Visitors to the Louisiana Museum of Modern Art near Copenhagen are being invited to take a trip inside the mind of Louise Bourgeois.
The exhibit features a number of installations which Bourgeois called ‘cells’, playing on all the meanings of the word – from prison cells to monk’s cells to the smallest biological units of the body. Each work is an independent spatial unit filled with carefully arranged objects which create different scenarios
“With the cells she could create her own spaces that were independent of random museum spaces that her works could be placed in. So with the cells she could really compose a three-dimensional spatial architectural piece where she could preserve a certain story and mood and temper, regardless of what context the works could be placed in,” says the exhibition’s curator Tine Colstrup.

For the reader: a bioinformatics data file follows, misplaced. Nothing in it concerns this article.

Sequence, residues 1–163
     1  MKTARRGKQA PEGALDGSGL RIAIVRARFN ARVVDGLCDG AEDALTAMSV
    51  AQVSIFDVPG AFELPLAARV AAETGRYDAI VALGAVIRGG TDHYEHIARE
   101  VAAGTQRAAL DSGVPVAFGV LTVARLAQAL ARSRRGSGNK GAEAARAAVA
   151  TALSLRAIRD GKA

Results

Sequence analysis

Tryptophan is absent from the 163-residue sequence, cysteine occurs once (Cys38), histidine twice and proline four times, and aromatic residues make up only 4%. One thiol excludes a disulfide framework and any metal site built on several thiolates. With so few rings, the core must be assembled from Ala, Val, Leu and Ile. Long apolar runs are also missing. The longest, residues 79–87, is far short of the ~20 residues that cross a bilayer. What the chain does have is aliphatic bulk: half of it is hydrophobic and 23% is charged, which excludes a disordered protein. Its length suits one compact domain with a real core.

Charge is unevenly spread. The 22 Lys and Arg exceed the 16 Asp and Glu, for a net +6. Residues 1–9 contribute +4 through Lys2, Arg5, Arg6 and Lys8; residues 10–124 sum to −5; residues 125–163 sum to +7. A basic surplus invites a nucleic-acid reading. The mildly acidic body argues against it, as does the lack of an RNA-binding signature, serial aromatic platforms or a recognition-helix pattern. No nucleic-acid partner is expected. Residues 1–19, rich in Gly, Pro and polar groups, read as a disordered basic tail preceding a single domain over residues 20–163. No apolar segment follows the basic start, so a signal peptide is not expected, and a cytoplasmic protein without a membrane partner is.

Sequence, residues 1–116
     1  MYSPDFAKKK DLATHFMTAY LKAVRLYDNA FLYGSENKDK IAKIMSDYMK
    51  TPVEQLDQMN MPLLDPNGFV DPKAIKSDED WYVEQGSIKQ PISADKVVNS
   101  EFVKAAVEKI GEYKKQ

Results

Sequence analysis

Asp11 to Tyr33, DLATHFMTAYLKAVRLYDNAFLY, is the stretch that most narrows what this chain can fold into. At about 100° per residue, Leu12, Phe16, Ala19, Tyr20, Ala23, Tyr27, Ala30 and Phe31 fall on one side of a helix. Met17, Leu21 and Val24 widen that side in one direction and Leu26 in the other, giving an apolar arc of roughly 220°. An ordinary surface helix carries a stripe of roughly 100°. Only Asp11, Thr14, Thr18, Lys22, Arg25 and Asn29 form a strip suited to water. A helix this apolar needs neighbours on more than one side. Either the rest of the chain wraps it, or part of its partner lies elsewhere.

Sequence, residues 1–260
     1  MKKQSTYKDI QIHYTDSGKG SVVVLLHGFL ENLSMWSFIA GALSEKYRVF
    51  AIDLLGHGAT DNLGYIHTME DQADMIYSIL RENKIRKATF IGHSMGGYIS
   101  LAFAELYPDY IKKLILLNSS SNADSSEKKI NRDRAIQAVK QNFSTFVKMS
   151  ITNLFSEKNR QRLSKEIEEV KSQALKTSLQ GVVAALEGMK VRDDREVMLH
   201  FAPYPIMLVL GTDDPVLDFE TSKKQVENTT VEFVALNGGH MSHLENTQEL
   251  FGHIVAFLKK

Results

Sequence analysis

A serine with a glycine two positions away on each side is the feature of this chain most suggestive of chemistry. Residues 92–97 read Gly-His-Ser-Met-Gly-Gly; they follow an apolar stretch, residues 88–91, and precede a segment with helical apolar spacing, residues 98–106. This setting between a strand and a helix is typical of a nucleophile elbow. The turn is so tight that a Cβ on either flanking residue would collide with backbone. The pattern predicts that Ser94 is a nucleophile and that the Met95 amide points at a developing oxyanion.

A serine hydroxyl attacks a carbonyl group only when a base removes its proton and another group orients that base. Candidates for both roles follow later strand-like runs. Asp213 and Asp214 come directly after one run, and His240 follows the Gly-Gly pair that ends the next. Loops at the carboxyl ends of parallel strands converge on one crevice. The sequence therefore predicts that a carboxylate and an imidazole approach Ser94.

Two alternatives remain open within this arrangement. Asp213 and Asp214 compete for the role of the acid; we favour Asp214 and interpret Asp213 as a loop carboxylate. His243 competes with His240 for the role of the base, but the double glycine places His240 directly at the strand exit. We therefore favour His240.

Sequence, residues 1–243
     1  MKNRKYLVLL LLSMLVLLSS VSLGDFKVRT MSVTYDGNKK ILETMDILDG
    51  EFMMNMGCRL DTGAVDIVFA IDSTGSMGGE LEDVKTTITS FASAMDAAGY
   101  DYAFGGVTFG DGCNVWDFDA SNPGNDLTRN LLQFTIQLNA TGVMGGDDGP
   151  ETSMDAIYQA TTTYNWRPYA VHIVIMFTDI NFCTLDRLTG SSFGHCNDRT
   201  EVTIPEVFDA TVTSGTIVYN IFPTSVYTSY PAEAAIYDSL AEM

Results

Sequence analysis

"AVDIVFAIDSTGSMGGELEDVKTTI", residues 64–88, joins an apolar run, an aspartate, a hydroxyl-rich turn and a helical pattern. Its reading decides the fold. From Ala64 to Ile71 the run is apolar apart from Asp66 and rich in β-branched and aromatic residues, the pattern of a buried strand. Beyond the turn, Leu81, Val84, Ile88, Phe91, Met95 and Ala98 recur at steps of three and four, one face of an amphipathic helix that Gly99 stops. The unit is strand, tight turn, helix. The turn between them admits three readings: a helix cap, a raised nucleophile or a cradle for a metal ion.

Drawing together 25 of the 62 cells Bourgeois created, the exhibit begins with some of her earliest attempts.
Cells I-VI were created for the Carnegie International exhibit in Pittsburgh in 1991.
“We have perfume bottles for the sensation of smell, we have an ear for hearing, so (we have) all the different senses and their relation to memory. Also, their relation to different kinds of pain, which is also the subject in these first cells. And then, they’re all pretty small. So they’re also about really small, claustrophobic spaces and that’s the kind of space she preferred,” says Tine Colstrup.
‘The Last Climb’, featuring a spiral staircase leading up through the roof to nowhere, was her last ‘cell’ sculpture.
Considered one of the most important female artists of the 20th century, Bourgeois worked right up until she died at the age of 98 in 2010.
‘Louise Bourgeois. The Structure of Existence: The Cells’ runs at the Louisiana Museum of Modern Art in Humlebæk near Copenhagen runs until February 26.